Losing a teenage child is naturally a traumatic experience for parents, especially when they do not know exactly how it happened. This might be the case in the death of a 17-year-old New Jersey girl, who died in one of those car accidents that need reconstruction to determine how it happened. Authorities report that the deadly crash occurred shortly before 9:40 a.m. on a recent Friday.
Under circumstances yet to be determined, the teenager collided with a container truck on Route 19 in Patterson. Along with her in the car were three other teens, all of whom were transported to a hospital. The conditions of two passengers were critical, and they were admitted. Reportedly, the driver soon succumbed to her injuries. There were no mention of injuries to the operator of the big rig.
The legal ramifications after such an accident depend on who was at fault. While the New Jersey civil justice system allows victims of car accidents, or surviving family members of deceased crash victims, to pursue claims for financial relief, it could be a complicated process. In a case such as this one, New Jersey’s system of modified comparative negligence might come into play. Under this law, damages can only be recovered if negligence of more than 50 % can be established.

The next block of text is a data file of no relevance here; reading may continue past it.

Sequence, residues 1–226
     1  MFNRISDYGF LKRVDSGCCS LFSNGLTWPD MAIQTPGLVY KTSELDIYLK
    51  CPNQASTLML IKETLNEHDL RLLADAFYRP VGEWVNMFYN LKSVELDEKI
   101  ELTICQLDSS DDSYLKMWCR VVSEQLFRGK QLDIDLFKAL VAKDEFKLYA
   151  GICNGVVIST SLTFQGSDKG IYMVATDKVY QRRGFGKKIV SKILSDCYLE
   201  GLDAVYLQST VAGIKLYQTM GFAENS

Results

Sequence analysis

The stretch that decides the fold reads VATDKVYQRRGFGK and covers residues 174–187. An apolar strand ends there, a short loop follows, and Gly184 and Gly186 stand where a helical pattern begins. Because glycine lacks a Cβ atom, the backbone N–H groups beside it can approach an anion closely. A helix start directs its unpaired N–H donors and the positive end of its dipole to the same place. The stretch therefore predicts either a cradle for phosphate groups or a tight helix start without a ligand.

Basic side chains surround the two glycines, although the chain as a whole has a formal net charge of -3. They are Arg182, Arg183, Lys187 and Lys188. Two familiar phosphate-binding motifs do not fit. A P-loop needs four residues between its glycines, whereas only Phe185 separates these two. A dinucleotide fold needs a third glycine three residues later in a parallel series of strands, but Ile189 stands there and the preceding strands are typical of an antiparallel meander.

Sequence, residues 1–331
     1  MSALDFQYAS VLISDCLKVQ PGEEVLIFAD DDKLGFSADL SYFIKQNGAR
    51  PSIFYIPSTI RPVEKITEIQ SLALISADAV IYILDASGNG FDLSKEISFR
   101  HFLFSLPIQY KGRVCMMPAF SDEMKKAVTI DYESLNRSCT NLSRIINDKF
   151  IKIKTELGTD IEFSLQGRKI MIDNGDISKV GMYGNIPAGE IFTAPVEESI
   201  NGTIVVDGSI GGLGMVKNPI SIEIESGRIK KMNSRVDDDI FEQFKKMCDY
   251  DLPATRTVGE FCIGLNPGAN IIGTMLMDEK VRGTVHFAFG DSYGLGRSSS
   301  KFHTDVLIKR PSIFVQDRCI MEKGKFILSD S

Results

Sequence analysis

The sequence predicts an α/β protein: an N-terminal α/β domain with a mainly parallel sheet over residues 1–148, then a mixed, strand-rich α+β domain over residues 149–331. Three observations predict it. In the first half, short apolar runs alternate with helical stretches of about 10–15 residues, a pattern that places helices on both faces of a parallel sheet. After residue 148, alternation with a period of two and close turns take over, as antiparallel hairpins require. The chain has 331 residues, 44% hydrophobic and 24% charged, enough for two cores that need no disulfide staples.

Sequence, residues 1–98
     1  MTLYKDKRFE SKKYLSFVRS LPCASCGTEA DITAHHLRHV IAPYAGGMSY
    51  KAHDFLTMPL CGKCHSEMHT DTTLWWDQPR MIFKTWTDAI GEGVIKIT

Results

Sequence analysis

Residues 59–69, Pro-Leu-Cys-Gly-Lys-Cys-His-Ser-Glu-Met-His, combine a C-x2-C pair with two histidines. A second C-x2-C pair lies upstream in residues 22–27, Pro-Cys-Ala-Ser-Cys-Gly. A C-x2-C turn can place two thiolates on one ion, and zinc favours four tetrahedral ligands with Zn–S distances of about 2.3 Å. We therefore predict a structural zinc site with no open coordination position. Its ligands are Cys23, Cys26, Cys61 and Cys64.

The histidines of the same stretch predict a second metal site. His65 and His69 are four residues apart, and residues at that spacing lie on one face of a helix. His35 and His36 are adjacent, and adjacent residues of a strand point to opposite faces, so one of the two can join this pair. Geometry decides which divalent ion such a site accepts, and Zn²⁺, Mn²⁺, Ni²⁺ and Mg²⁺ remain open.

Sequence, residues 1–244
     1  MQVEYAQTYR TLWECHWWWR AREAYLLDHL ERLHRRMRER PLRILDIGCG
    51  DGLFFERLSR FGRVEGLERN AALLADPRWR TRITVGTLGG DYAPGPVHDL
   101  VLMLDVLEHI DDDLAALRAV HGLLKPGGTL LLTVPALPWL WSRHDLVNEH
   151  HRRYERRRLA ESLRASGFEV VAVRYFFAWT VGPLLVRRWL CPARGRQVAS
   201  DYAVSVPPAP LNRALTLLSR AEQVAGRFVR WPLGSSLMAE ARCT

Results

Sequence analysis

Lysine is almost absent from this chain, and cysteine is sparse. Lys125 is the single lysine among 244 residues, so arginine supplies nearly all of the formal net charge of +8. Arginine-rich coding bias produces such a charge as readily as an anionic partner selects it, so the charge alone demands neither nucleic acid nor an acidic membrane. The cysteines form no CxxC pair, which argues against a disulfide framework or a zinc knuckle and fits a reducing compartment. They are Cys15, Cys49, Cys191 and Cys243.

Some of the legal options in this case would be for the family of the deceased girl to file a wrongful death claim against the truck driver if his or her percentage of fault exceeds 50%. If this is so, the injured passengers can also seek damages from the trucker or his or her employer. However, if the young driver was more than 50% at fault, personal injury claims of the passengers could be filed against her estate. This is a complicated field of the law, and lawsuits might be best navigated by an attorney with extensive experience in dealing with claims that involve car accidents.